Loitering With Intent

January 7, 2016
Posted by Jay Livingston

At a blog called The Beautiful Sentence, I came across this quote from Frederick Wiseman

The only point of view I start off with is that if I hang around long enough, I'll find a movie

My first reaction was: if I sit in a Freddie Wiseman film long enough, eventually it will be over. [His latest, “Jackson Heights,” runs three hours ten minutes. “Belfast, Maine,” with a population 1/20 that of Jackson Heights, was over four hours long.]

But my next, and less cynical, thought was something that I heard William H. Whyte say at an ESS convention in the early 1980s.

I know that if I look at something nobody’s ever looked at before, and if I look long enough, I’m going to find something that nobody’s ever found before

It’s the ethnographer’s creed – hanging around, and then hanging around systematically, will lead to some insightful combination of observation and ideas. Whyte makes his ideas explicit. In Wiseman’s films, the ideas are hidden in the editing – the selection and juxtapositions.No voiceover narration, no interviews, no evident filmmaker presence at all. The filmmaker is seemingly invisible, indifferent, off somewhere paring his fingernails, though what he is really doing is paring and pasting thousands of feet of film.

The similarity in their work goes further.Wiseman’s documentaries are sociological. Whyte’s sociology is cinematic. Wiseman’s films are about social contexts, usually institutions. His first, “Titicut Follies,” explored (exposed really) a prison for the criminally insane. His next-to-most recent, documents London’s National Gallery. In between are flims like “High School,” “Zoo,” “Boxing Gym,” “La Comédie-Française ou L'amour joué,” and many more.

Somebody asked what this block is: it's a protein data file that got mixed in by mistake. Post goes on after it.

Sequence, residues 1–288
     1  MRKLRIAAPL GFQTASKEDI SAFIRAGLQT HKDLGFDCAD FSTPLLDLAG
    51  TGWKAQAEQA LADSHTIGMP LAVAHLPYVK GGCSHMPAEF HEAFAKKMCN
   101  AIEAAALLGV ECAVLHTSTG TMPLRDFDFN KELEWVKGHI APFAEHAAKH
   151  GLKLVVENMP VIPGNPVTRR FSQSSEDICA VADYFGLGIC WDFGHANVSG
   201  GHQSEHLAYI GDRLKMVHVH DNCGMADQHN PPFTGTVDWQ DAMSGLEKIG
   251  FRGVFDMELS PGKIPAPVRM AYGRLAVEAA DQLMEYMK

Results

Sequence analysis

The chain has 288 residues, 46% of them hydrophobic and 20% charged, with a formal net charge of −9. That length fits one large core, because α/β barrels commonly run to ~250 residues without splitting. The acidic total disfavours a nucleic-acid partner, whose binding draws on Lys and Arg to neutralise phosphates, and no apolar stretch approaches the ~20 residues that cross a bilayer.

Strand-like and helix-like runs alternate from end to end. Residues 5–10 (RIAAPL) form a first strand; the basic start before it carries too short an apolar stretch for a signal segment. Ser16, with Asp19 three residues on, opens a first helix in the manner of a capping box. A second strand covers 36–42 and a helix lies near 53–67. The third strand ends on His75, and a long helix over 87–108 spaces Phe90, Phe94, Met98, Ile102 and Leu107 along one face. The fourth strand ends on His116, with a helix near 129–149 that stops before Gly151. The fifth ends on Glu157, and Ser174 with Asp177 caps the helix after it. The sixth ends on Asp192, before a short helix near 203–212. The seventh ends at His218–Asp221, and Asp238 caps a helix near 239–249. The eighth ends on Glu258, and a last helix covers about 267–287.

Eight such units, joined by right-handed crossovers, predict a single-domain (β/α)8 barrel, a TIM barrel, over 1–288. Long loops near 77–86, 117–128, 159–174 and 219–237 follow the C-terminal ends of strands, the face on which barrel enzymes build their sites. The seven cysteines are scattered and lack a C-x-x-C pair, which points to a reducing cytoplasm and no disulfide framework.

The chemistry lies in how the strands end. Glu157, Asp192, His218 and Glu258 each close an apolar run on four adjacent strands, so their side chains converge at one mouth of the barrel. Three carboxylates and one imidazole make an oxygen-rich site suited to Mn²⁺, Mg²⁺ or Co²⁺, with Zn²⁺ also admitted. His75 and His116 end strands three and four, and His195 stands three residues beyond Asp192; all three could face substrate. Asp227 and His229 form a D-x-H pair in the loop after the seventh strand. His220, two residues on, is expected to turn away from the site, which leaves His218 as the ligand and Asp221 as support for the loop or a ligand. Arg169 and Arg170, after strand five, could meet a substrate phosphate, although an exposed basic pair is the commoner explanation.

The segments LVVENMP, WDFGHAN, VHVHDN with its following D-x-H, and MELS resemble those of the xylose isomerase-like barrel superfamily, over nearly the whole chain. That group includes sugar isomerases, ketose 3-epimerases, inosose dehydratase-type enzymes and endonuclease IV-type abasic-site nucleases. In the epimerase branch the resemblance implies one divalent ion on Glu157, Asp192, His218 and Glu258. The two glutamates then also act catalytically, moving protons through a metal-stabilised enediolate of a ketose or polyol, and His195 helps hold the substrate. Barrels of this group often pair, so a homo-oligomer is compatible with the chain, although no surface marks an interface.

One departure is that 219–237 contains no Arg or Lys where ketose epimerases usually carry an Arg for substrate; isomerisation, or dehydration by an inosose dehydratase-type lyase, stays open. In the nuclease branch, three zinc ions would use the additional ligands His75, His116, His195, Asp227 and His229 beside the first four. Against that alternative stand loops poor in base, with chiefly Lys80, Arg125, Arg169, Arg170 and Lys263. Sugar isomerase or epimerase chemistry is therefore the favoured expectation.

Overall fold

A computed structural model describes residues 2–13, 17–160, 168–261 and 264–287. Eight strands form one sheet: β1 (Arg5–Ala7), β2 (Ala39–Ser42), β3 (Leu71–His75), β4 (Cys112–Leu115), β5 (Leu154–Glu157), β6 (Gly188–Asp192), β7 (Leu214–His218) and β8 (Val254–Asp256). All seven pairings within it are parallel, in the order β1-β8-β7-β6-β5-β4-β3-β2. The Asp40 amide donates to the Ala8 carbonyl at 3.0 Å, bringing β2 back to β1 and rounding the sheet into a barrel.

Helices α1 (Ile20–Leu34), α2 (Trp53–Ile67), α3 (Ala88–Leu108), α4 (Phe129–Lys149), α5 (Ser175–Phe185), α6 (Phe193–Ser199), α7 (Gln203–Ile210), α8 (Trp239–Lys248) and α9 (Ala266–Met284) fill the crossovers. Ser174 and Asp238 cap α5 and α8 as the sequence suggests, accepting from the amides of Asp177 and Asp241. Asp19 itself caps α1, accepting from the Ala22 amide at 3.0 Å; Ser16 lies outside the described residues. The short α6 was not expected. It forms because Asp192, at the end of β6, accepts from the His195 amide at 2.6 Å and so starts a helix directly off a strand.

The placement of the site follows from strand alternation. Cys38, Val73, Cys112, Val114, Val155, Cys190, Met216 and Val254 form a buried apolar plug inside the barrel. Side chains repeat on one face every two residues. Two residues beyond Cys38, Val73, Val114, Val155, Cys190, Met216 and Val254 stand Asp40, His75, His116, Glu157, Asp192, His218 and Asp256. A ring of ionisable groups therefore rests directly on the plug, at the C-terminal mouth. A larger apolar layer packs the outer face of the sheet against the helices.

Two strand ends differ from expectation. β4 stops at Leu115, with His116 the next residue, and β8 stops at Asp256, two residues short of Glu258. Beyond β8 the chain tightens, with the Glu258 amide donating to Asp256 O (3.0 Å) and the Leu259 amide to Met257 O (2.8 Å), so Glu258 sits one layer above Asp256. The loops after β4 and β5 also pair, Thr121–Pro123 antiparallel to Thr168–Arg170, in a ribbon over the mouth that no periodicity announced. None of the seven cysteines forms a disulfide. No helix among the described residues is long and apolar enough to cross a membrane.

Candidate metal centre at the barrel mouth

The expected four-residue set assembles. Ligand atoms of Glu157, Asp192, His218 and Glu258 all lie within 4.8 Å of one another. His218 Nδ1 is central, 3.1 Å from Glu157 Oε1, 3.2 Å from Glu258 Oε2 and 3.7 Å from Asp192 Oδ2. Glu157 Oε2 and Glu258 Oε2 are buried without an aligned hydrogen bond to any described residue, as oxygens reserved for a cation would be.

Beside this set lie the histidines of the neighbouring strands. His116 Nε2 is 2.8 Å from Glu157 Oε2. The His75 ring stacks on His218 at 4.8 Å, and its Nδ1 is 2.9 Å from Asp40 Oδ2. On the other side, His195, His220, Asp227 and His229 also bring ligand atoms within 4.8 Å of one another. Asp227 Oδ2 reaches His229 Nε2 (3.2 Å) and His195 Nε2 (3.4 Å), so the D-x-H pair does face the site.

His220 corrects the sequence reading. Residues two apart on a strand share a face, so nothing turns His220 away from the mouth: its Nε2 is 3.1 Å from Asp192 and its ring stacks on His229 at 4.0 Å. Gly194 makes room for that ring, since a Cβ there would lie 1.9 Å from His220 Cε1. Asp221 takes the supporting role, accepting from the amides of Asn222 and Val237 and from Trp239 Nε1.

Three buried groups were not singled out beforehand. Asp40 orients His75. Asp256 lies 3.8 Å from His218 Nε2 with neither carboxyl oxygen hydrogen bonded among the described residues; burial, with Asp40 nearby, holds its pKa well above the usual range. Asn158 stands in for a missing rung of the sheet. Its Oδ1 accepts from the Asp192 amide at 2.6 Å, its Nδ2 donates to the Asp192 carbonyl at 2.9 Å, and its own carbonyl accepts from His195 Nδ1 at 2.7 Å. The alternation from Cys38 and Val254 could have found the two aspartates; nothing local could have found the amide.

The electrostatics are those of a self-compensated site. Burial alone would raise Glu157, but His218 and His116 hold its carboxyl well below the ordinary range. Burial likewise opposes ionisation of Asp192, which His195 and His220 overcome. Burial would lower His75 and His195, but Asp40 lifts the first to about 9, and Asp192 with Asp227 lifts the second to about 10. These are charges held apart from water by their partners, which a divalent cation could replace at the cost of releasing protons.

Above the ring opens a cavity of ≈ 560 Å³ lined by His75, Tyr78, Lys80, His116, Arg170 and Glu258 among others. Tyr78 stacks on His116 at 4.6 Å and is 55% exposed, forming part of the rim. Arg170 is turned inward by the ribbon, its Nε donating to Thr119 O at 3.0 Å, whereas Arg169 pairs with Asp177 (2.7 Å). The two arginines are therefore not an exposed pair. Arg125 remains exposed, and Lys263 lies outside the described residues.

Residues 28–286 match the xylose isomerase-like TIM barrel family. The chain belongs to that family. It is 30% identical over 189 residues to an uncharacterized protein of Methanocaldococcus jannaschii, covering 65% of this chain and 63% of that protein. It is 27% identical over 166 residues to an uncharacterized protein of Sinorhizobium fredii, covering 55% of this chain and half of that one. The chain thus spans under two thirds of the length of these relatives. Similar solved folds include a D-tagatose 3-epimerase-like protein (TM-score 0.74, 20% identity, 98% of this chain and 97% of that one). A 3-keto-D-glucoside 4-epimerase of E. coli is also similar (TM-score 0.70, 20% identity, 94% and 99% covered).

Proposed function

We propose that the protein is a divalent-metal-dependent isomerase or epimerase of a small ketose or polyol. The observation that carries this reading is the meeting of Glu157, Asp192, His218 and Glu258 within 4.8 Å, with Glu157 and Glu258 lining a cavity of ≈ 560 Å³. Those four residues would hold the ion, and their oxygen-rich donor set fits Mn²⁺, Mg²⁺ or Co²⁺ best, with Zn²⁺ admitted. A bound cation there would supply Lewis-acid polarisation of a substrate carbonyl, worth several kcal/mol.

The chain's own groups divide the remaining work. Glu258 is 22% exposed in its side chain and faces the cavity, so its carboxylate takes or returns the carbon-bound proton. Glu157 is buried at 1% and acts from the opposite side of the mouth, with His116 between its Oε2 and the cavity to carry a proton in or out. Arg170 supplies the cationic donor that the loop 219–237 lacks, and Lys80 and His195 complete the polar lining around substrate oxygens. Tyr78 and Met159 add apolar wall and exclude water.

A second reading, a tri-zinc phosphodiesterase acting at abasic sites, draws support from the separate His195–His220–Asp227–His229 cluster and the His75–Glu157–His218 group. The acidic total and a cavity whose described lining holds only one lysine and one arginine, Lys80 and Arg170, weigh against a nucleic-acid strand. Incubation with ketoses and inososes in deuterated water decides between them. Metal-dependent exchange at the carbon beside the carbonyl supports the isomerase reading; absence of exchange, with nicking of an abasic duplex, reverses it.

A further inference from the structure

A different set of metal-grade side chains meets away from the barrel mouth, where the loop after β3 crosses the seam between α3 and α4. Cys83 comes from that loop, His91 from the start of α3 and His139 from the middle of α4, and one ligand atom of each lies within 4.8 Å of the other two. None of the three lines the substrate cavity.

After his best-seller, The Organization Man (1956), Whyte turned to more visual kinds of research, not so much listening to what people say but watching what they do, especially in public places. He and his researchers were, like Wiseman, “hanging around,” but they were also filming and photographing and analyzing that evidence all with the goal of discovering what makes a space attractive. Attractive not in the sense of nice-looking, but literally: a space is attractive if it attracts people.    

Places to sit, sunlight, water (touchable, splashable), street characters (entertainers) – all these attract people. 

That leads to the greatest insight.

(A film of Whyte’s city observations is here . You can find a shorter 3-minute version here.)

1 comment:

Andrew Gelman said...

The first part of your post reminds me of the saying, God is in every leaf of every tree.